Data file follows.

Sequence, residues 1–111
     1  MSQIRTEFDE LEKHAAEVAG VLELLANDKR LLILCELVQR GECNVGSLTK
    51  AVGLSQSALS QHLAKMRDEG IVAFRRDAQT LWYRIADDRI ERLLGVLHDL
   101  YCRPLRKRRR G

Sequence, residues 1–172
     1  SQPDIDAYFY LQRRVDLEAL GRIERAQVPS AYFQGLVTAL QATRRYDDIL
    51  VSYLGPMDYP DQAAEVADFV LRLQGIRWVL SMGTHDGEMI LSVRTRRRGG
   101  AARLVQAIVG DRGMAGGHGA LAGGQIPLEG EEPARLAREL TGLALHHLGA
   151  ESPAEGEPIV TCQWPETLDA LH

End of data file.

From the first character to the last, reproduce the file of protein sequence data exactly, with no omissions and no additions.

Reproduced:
Sequence, residues 1–111
     1  MSQIRTEFDE LEKHAAEVAG VLELLANDKR LLILCELVQR GECNVGSLTK
    51  AVGLSQSALS QHLAKMRDEG IVAFRRDAQT LWYRIADDRI ERLLGVLHDL
   101  YCRPLRKRRR G

Sequence, residues 1–172
     1  SQPDIDAYFY LQRRVDLEAL GRIERAQVPS AYFQGLVTAL QATRRYDDIL
    51  VSYLGPMDYP DQAAEVADFV LRLQGIRWVL SMGTHDGEMI LSVRTRRRGG
   101  AARLVQAIVG DRGMAGGHGA LAGGQIPLEG EEPARLAREL TGLALHHLGA
   151  ESPAEGEPIV TCQWPETLDA LH